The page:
Seeing 130,000 people sign a petition for hospitals to declare their caesarean rate, and the support it has received from Maneka Gandhi, feels like a validation of a journey we began 15 years ago.
At that time, our non-profit hospital, with some of Delhi’s leading obstetricians, had a caesarean rate of 79%. This made a mockery of our commitment to delivering ethical and high-quality care.
Despite this absurd situation, even attempting an improvement was difficult. Doctors believed that Indian women “were different” and that they could take “no risks” in a private setting.
Moreover, women often saw a caesarean as an easy way of avoiding labour pain or as a heroic action on the part of the doctor to save their baby.
Without any publicly available information about the caesarean rate of either the hospital or of a particular consultant, there was no pressure to change.
When we started an initiative to lower our cesarean rate, we thought all we would have to do was closely monitor it and align our care with medical practice guidelines. But despite our persistent efforts our progress stalled. We were trying to do something that had no precedent in our environment and our doctors felt vulnerable about practicing in any way that was different from their colleagues.
Over time one consultant in our unit began making small changes in her practice. She sensitized couples about the importance of a normal delivery and trained nurses to provide one-on-one labour support. As she brought down her own caesarean rate, others in our unit followed.
Along this journey, even though our caesarean rate remained high, we felt we had to hold ourselves accountable and openly share this information. We first published our rate for 2013 when it was 40% – far above the 10-15% rate recommended by the WHO.
I’m happy to report our caesarean rate has come down. Our staff gynaecology unit finished 2016 with an 88% vaginal delivery rate for first-birth, low-risk mothers.
Caesarean section is a major surgery that carries risks for infections, bladder and bowel injuries, and serious complications in future pregnancies. Babies born by caesarean section are at higher risk for respiratory problems and may even be at higher risk for developing obesity, diabetes and asthma in later life.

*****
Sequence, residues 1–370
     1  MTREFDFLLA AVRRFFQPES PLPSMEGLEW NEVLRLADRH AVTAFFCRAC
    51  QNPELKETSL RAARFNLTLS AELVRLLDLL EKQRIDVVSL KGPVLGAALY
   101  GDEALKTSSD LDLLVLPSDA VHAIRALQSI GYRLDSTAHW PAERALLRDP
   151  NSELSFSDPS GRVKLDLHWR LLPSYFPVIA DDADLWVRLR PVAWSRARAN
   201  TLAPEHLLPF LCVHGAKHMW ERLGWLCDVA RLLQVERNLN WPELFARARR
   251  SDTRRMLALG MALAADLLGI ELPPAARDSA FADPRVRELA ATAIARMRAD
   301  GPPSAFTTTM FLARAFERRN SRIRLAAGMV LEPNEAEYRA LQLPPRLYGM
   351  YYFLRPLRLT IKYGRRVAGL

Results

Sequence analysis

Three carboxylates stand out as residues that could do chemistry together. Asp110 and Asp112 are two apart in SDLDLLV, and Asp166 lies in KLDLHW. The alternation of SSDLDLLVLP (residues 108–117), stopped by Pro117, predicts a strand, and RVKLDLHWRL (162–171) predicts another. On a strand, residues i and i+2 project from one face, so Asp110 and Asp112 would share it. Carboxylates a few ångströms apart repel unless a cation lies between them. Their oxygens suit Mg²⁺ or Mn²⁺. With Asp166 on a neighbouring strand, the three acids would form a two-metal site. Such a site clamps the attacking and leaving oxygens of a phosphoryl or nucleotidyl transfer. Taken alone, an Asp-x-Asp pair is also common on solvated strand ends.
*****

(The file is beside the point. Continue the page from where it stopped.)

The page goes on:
Despite these risks, caesarean rates in private hospitals of urban India continue to be unjustifiably high. Our own ICMR-funded research found a 54% caesarean rate in Delhi’s private hospitals while the National Family Health Survey – 4 found rates as high as 75% in private urban health facilities across some states!
People are rightly concerned about the overuse of caesarean sections and are understandably frustrated by the lack of urgency for dealing with this issue. All hospitals already report data on number of normal versus caesarean deliveries to the Directorate of Health Services. Making this information public will be significant step towards creating accountability in the healthcare system and helping women make better informed choices.
Our experience shows that dedication on part of doctors along with support from hospital administrators can lead to positive change. Subarna Ghosh’s petition has created the right environment for all healthcare leaders to commit to transparency around caesareans and to make normal deliveries normal again.
Author’s bio: Abhishek Bhartia is director of Sitaram Bhartia Institute of Science and Research, a nonprofit hospital and medical research centre in Delhi. He is co-author of an Indian Council of Medical Research funded survey of quality of maternity care in Delhi.